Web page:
Posted: Aug 28, 2014
Two Events Remain in OPTIMA's Search for the Ultimate Street Car
"Well, that escalated quickly!" said fictitious anchorman, Ron Burgundy, but that definitely applies to OPTIMA's Search for the Ultimate Street Car. Even though the Michigan event wasn't a double-points event, it underscored how much can still change in the USCA point standings in just one event. However, that wasn't the case for all competitors, as some emerged from Michigan without the cushion they were hoping they would have.
Bryan Johnson (pictured) had a strong outing in his 2013 Chevrolet Camaro in the double-points event in St. Louis earlier this year, but after the dust settled in Portland, it became clear that anyone hoping to make the OUSCI field needed points from the equivalent of at least three events. Johnson brought home 211.33 points at St. Louis, which put him inside the top-20 at the time, but the cut-off for the top-20 went from 199.2 points after St. Louis to 216.43 points after Portland. Johnson needed to run in at least one more event to make the OUSCI field, so he headed to Michigan International Speedway. The weekend went well for Johnson and he catapulted from 22nd position to 10th, but didn't need to make it in on points, because he qualified as the top finisher in GT3K in Michigan.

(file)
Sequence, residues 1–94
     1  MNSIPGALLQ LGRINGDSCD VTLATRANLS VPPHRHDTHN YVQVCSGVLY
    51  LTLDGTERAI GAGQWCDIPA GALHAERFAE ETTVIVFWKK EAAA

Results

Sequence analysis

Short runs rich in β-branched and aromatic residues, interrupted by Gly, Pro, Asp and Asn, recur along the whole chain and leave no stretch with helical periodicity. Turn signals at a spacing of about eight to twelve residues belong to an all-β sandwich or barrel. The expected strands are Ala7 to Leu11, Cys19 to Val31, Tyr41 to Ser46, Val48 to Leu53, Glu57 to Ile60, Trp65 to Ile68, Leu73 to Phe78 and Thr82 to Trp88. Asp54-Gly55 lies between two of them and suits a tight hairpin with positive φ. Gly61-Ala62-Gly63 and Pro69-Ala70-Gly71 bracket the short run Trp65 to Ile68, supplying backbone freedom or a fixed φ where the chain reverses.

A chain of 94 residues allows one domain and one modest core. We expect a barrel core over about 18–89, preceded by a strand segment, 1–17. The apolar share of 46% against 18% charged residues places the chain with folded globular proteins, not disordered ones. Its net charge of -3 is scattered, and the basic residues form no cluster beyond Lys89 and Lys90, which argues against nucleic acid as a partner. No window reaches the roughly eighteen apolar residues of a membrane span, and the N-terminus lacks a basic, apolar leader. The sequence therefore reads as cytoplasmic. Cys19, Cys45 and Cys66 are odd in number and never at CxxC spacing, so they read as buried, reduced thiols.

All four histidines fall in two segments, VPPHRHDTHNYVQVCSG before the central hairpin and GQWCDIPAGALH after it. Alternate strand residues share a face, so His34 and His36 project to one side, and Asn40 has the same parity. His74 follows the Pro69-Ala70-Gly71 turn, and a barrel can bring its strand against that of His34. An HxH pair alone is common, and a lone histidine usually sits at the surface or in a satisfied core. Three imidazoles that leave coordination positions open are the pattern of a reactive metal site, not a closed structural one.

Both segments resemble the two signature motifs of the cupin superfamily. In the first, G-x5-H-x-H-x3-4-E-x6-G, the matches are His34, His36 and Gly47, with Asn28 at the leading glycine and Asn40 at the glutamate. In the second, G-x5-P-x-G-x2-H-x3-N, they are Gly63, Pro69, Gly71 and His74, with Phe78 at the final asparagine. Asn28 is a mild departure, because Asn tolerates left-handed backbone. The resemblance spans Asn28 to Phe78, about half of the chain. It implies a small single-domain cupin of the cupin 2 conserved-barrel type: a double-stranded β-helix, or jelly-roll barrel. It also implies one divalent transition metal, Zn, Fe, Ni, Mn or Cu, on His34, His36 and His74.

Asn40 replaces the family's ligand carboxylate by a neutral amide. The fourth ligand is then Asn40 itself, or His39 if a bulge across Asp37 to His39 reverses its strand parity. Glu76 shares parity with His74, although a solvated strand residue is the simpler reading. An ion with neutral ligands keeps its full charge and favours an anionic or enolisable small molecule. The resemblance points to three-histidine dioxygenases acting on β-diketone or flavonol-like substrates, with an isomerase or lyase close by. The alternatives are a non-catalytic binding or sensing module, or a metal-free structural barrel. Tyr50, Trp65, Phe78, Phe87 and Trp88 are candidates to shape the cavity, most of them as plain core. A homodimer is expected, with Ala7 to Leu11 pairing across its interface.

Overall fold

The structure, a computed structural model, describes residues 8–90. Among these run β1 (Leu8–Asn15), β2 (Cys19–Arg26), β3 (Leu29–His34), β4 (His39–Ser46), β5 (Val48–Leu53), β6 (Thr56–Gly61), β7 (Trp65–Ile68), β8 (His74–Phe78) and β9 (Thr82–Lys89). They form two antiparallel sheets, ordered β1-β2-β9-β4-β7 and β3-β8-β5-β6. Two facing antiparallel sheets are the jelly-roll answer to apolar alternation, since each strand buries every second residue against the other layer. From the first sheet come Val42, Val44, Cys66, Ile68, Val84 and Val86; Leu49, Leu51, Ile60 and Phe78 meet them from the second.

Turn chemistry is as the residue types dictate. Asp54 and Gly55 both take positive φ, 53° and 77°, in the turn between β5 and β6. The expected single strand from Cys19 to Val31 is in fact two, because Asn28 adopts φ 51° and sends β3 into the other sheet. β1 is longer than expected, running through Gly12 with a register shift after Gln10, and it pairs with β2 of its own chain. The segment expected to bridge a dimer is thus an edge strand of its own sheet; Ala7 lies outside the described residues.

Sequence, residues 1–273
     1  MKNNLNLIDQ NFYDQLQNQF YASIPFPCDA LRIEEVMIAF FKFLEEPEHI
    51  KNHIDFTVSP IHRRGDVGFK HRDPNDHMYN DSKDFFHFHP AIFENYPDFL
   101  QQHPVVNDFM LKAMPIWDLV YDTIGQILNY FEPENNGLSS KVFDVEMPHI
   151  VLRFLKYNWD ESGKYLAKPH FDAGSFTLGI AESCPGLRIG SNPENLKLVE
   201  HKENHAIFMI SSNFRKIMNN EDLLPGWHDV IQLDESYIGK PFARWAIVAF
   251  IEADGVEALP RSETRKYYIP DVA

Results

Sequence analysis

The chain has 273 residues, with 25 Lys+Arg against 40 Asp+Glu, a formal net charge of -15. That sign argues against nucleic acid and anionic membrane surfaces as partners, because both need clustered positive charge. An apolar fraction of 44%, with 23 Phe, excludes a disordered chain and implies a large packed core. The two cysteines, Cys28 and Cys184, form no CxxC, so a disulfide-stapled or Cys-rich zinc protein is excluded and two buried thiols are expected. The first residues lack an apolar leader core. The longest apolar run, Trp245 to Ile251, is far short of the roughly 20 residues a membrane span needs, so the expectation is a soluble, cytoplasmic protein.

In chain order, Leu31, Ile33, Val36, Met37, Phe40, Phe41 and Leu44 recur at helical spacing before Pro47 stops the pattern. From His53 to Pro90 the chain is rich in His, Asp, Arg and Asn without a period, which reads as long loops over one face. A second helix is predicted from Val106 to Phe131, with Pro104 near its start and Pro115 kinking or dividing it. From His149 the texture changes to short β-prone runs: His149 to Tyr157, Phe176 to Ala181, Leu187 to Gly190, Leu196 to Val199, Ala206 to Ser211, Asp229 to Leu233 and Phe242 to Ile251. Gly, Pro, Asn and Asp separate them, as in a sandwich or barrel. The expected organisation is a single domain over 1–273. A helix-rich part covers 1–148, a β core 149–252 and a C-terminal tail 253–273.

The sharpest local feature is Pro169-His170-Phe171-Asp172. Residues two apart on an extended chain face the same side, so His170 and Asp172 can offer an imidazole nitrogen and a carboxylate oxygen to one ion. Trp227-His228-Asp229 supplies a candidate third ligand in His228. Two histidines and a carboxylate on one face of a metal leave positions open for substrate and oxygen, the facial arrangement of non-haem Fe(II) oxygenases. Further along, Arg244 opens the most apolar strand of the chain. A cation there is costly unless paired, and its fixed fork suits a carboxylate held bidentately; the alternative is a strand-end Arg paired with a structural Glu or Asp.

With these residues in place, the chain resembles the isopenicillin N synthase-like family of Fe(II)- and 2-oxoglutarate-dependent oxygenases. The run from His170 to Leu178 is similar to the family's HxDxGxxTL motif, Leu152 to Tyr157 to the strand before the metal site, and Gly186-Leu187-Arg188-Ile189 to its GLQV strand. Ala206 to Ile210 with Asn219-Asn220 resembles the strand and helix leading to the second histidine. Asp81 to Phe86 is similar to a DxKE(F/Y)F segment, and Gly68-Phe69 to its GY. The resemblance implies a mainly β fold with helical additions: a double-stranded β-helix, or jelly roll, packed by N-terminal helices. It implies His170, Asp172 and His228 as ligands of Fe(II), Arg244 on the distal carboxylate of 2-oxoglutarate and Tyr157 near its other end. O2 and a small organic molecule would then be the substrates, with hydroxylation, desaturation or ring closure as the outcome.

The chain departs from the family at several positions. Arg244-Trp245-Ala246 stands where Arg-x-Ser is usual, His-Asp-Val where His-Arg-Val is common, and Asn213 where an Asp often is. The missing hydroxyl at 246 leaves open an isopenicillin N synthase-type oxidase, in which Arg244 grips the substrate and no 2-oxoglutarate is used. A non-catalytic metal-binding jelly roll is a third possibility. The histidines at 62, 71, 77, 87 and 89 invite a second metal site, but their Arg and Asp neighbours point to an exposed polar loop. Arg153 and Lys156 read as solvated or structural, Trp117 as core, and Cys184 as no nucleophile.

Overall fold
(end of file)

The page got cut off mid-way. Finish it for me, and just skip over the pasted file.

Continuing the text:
Ronnie Soliman was another competitor firmly entrenched in the top-10 after Portland, who improved dramatically after Michigan. Soliman's 2006 Mitsubishi Evo IX sat comfortably in eighth position among non-qualifiers headed into Michigan, but he emerged in second place in the overall points standings. He also won the AWD class, so he is making plans for Las Vegas.
Ken Thwaits took the overall USCA points lead from Kyle Tucker's 1970 Camaro at the Michigan event in his 2014 1LE Camaro, which has not yet qualified for the OUSCI (although Thwaits has already qualified in his 2014 Z28 Camaro). Even though Thwaits has run two double-points events in the 1LE, he probably won't be able to lock up the season-long points battle until he finishes the Pittsburgh event. The reason is that Kyle Tucker is less than 22 points behind and has only run one double-points event at St. Louis. James Shipka (1967 Camaro) and Chris Porter (1986 Porsche 948) aren't much further behind in GT3K. Ronnie Soliman and AJ Santiago (2011 Nissan GT-R) are also withing striking distance in AWD and even Joe Escobar's 1974 Ford Pinto in GT2K still has a mathematical chance to take home the overall points championship at Pittsburgh, although Escobar is not expected to make that event.